The userChrome-example.css file is a plain-text file, so you'll edit it with a text editor such as Notepad or an alternative. As you'll see in the following tricks, you'll add code and text to the userChrome.css file in order to change the Firefox interface.

It's a good idea, when inserting the code, to include a reminder so that later you remember what that code does. The file userChrome.css will ignore your reminder and won't try to interpret it as code. To create a reminder, surround your comments with /* to begin and */ to end, like this:

/* This is a comment */

The userChrome.css file will ignore everything inside the /* and */.

With that background under your belt, it's time to teach Firefox some new tricks.

6. Put your own graphic on the Firefox tool bar

If you don't like the plain background of Firefox's tool bar, don't worry -- you can put your own graphic there. Type the following into the userChrome.css file and put the graphic that you want to use, background.gif, in the same directory as userChrome.css. The graphic can be any name and any type of image file supported by Firefox.

Here's the code to use:

/* Change the toolbar graphic */
menubar, toolbox, toolbar, .tabbrowser-tabs {
background-image: url("background.gif") !important;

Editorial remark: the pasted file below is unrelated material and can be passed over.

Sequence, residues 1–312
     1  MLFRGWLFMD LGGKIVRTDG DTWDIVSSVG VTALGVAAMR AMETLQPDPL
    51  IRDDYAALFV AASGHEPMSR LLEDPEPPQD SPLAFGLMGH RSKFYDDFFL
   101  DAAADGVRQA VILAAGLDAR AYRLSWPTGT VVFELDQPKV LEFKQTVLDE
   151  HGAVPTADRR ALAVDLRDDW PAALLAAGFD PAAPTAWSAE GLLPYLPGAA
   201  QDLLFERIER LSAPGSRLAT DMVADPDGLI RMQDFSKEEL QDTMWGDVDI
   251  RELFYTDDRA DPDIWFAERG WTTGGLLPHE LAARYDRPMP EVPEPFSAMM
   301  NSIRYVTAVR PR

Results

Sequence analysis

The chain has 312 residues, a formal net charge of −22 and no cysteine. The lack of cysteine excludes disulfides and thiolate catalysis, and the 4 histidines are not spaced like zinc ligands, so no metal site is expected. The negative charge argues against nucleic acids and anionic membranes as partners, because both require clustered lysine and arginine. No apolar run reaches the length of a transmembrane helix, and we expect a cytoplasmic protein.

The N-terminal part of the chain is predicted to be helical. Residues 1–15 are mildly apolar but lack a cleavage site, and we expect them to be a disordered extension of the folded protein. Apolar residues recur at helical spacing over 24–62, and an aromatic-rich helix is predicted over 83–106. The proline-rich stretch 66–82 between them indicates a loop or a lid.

background-color: none !important;

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The graphic you use will automatically be scaled to fit the tool bar. For example, if it's small, it will be tiled.

7. Hack the stop, back and forward buttons

Are you a minimalist? Does it annoy you that there's a big fat Stop button on the Firefox tool bar, even when there's nothing to stop? And how about the Forward and Back buttons -- if there's no place to go forward or back, would you like them simply to disappear?

You're in luck, because it's simple to do. Add these lines below to userChrome.css. Note that even after this trick, the buttons will appear when there's a use for them. For example, when a page is loading, the Stop button will appear, so that you can stop loading the page; it just won't appear when a page isn't loading. And the Forward and Back buttons will appear when there's something to go forward or back to: